LSU Presidential Finalist F. King Alexander told faculty Friday that he is here to learn from them, listen to them and to help them find money “no matter where it comes from.”
This was the last of three forums held for staff, students and faculty members at the University. Alexander said he is returning to California Saturday morning but thinks he will start at LSU the first week of July, if the Board of Supervisors approves the nomination March 27.
His nomination has caused concern among faculty. The Faculty Senate recently and unanimously passed a “no confidence” resolution in the Board of Supervisors for its ability to make the right decisions on academic leadership and the reorganization, among other reasons.
“There’s nothing I can do about that,” Alexander said. “I’m very collaborative. I’ve always worked with our faculty very closely. We need our faculty to understand the environment we’re in, and we need our faculty to work closely to develop solutions in these tough times.”
Alexander, who is the president at California State University Long Beach, told faculty that salary and retirement issues are a top concern.
“This is not just an LSU issue. All of us in higher education, we’ve been playing defense for four or five years now. We’ve all been dealing with no pay raises,” he said. “This is an important concern of mine.”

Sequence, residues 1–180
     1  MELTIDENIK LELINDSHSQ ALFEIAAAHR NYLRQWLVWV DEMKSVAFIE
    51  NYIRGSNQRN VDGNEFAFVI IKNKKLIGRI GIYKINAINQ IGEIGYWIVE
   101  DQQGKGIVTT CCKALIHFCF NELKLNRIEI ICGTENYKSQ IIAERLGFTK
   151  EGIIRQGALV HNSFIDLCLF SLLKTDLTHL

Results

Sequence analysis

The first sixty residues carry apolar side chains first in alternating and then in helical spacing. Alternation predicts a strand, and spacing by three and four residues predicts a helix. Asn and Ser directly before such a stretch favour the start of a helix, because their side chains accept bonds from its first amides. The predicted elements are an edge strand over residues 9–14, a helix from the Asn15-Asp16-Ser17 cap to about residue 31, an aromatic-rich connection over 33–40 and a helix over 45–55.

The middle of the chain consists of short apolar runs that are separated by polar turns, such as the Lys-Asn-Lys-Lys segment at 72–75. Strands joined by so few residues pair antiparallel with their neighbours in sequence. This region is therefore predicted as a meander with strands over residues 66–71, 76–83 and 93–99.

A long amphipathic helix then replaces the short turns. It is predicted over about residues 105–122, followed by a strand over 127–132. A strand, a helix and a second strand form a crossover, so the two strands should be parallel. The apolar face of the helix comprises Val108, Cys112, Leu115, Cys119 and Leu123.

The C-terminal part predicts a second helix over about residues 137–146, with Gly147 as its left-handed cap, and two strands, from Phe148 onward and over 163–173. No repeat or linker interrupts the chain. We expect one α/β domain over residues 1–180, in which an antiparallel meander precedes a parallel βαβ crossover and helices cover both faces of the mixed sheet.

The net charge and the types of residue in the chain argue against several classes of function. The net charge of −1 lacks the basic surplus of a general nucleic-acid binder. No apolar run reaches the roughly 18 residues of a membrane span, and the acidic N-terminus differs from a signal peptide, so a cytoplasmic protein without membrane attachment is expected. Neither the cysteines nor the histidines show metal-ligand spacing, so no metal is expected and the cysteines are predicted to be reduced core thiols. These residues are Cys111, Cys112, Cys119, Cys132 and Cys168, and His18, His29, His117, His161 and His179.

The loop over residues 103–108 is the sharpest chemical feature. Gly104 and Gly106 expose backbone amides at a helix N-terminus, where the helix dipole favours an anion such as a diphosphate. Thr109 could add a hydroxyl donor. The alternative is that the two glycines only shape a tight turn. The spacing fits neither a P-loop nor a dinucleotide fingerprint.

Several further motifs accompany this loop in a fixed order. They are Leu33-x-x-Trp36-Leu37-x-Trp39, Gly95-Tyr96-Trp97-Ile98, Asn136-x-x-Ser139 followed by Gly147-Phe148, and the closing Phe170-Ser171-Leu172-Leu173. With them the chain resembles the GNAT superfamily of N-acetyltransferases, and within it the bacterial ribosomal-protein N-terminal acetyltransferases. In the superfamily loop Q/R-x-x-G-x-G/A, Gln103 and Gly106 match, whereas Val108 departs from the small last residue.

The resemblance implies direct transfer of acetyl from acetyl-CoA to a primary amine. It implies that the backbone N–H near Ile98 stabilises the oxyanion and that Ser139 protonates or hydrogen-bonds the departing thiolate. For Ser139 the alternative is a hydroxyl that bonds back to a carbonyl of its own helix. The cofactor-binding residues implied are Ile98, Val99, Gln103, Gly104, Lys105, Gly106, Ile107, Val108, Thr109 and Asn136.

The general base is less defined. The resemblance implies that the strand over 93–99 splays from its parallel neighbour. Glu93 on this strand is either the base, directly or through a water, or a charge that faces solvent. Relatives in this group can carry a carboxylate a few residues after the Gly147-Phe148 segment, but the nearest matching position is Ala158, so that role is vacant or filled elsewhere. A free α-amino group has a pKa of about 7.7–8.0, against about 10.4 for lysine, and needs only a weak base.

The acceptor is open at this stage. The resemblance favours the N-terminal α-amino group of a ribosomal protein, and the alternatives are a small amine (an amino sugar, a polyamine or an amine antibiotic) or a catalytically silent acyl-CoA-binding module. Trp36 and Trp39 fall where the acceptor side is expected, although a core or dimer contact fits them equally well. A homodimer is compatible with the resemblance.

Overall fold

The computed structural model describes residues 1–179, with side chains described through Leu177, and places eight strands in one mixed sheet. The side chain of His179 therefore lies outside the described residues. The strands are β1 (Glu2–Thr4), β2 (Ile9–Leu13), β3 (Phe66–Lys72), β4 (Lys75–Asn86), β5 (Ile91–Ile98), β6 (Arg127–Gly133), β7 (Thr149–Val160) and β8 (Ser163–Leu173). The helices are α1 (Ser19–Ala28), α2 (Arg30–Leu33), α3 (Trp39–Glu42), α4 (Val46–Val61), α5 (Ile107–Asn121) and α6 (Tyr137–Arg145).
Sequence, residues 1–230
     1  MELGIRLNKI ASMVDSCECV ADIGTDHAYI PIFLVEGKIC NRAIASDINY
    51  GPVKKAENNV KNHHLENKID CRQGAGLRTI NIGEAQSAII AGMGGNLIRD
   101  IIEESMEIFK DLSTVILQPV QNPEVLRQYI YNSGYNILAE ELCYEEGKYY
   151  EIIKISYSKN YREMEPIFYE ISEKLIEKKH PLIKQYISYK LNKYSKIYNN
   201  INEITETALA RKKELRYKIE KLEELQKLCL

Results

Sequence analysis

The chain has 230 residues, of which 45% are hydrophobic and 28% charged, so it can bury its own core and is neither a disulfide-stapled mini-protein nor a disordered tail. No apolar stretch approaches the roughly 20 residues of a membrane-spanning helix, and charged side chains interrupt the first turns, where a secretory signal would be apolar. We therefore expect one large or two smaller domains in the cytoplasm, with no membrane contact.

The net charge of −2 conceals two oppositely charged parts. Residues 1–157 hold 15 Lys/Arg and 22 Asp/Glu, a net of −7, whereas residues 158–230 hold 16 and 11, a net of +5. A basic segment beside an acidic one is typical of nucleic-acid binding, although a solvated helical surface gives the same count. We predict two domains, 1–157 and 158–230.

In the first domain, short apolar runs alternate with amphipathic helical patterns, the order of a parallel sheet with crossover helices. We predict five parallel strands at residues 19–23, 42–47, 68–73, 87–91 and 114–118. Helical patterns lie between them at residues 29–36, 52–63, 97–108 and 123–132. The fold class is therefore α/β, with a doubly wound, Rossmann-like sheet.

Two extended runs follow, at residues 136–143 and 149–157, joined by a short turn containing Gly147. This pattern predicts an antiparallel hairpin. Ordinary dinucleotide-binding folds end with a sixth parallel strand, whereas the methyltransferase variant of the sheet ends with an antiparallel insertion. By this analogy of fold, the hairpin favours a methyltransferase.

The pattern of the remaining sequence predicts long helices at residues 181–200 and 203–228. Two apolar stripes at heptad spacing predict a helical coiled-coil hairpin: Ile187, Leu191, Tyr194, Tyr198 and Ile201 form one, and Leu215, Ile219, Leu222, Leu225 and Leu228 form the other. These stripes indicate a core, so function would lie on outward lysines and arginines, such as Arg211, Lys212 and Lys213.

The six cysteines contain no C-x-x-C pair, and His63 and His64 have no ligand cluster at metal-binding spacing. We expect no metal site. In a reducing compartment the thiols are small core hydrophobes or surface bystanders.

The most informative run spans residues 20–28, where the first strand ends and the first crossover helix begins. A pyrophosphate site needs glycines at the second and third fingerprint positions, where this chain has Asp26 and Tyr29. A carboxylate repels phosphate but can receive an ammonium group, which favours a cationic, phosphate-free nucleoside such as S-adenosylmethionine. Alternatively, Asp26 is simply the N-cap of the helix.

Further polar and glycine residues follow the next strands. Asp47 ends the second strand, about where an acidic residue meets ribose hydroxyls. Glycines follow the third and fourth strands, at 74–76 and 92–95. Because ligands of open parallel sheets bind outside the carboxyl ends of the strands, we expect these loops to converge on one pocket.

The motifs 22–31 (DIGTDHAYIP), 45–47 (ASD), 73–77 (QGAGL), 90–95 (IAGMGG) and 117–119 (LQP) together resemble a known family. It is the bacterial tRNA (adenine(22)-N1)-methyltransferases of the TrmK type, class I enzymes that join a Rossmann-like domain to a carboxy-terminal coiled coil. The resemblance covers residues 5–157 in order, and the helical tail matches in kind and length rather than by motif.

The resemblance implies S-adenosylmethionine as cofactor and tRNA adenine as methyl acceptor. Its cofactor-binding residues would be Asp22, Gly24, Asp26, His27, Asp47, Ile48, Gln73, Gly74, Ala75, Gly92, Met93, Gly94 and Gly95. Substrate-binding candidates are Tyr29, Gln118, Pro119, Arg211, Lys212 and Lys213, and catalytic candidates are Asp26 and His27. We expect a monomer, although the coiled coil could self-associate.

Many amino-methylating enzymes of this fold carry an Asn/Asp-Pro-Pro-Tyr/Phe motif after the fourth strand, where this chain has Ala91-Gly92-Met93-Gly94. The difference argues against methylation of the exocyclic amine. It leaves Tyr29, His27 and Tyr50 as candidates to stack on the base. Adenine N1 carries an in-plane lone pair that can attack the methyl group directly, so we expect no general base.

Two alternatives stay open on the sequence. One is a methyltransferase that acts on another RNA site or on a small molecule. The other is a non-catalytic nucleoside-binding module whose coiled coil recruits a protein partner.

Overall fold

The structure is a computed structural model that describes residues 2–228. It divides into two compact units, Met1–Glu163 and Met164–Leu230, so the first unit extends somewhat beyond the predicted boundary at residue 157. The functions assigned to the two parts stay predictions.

When asked how he expected to lead a research university without having done research or received tenure, Alexander said he had tenure now and said he has been involved in research projects.
“The beauty of tenure is that it protects our faculty from external pressure. Tenure gives us the freedom to challenge society, to make society a better place,” he said. “I have been involved in many research projects … I do not think you can be a great instructor without research. I still publish on the higher education front.”
Alexander said he has done research for the past 20 years and continues to do research in his current position.
Alexander has been president of California State University at Long Beach since 2006, and he was president of Murray State University in Kentucky from 2001 to 2005. He said higher education is essential to cities and states.
“California just experienced a 33 percent [budget] reduction in the last two years. Many states are in the process of not being in the business of higher education if the trend continues,” Alexander said. “When we give up on our public education, ultimately that will mean the demise of the cities, the demise of our states … Higher education is being seen as nothing but an individual benefit, but it’s not. It’s a societal benefit.